Corallium rubrum reproduces mainly by sexual way, whilst the asexual way, typical to the simplest Phylum, has been only hypothesized, though never observed amongst the colonies. The sexes are separated at the polyps level. The female and the male gonads are immersed in the tissues of the mesenteric septum and separate from these ones as soon as they reach the maturity.
Female and male polyps can be recognized thanks to the shape of the mature gonads: the oocytes are roundish and pale yellow whilst the male ones are milky white, elongated and have irregular shape.
The maturation of the gonads follows a seasonal cycle and takes place in a different way in the two sexes: the cycle of the oocytes accomplishes over a two years period and in each reproductive season coexist two populations of oocytes, a mature one, bigger, and one in maturing stage. The male gonads, conversely, follow an annual cycle: the development begins in autumn-winter and ends in summer.
After the emission of the male polyp, the spermatozoa navigate in search of the female polyp in a still unknown attraction mechanism, until when they find and fecundate it. The fecundation takes place in the gastrovascular cavity of the female polyps, where stays the mature oocyte.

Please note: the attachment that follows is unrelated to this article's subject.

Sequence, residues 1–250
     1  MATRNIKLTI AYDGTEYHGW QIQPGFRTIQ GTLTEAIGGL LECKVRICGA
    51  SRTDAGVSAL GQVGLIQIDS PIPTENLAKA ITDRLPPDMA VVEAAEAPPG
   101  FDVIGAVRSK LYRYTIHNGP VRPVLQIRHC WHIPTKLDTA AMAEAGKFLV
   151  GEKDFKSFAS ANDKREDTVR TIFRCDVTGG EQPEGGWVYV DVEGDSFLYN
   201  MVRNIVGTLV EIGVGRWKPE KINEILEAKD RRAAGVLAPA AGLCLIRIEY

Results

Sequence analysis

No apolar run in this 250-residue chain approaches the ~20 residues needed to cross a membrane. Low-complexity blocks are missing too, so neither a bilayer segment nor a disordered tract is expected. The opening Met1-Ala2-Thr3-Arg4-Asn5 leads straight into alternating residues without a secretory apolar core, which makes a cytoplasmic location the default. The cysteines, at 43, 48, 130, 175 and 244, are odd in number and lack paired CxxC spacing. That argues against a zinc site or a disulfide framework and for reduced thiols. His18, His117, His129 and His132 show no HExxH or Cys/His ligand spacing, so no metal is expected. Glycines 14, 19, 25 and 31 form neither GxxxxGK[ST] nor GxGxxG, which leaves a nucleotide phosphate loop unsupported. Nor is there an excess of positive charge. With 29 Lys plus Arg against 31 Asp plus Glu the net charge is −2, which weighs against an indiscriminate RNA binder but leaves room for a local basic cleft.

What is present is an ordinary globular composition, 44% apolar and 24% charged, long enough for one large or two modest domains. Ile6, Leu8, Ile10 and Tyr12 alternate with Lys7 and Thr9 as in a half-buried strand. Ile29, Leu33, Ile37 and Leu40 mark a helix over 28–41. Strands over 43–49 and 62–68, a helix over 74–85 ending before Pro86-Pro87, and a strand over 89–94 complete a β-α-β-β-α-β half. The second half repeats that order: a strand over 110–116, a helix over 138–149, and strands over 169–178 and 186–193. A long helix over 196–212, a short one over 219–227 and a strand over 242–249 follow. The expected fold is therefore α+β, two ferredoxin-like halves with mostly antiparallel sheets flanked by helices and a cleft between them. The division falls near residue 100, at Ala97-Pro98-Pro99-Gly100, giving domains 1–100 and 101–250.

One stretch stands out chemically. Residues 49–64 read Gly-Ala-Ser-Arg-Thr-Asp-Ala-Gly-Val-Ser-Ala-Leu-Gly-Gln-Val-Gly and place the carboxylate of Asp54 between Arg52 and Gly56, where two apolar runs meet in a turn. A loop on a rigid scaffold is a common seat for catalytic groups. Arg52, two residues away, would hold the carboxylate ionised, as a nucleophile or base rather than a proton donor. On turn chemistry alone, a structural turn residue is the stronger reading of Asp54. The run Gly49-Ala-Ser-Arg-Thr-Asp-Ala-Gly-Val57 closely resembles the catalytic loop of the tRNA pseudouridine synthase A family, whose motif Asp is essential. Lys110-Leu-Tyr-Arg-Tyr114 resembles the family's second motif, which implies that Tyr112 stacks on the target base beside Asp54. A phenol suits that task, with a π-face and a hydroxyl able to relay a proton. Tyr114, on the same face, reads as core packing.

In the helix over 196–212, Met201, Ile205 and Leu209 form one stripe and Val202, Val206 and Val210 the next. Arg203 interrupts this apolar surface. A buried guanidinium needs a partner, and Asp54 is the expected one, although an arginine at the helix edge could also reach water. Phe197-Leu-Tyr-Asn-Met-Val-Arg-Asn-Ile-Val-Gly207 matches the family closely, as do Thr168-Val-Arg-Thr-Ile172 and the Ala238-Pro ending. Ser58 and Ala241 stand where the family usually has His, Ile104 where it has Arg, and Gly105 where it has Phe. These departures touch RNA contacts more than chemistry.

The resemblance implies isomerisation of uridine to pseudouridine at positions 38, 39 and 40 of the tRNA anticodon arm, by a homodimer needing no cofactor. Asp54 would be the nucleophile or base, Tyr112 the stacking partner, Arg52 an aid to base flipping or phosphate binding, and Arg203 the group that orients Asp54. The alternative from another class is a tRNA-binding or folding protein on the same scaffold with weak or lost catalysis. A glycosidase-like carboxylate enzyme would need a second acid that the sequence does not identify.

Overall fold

The young planular larva develops during the first 20-30 days before going out to the full seas. Thanks to the cilia it has, the planula looks for the place where to settle for developping a new colony. It has been observed how the settlement prefers the bottoms already colonized by corraligenous (a biocenosis typical to rocky bottoms dominated by calcareous organisms).
After about one month since the settling, the planula develops into the first polyp of the colony. Although in literature is reported an age of reaching the sexual maturity included between seven and the ten years, more recent works have shown proved that the minimum ages of maturation are higher, between the 17 and the 21 years.
Madrepora rubra Linnaeus, 1758; Isis nobilis Pallas, 1766; Gorgonia nobilis Linnaeus, 1789.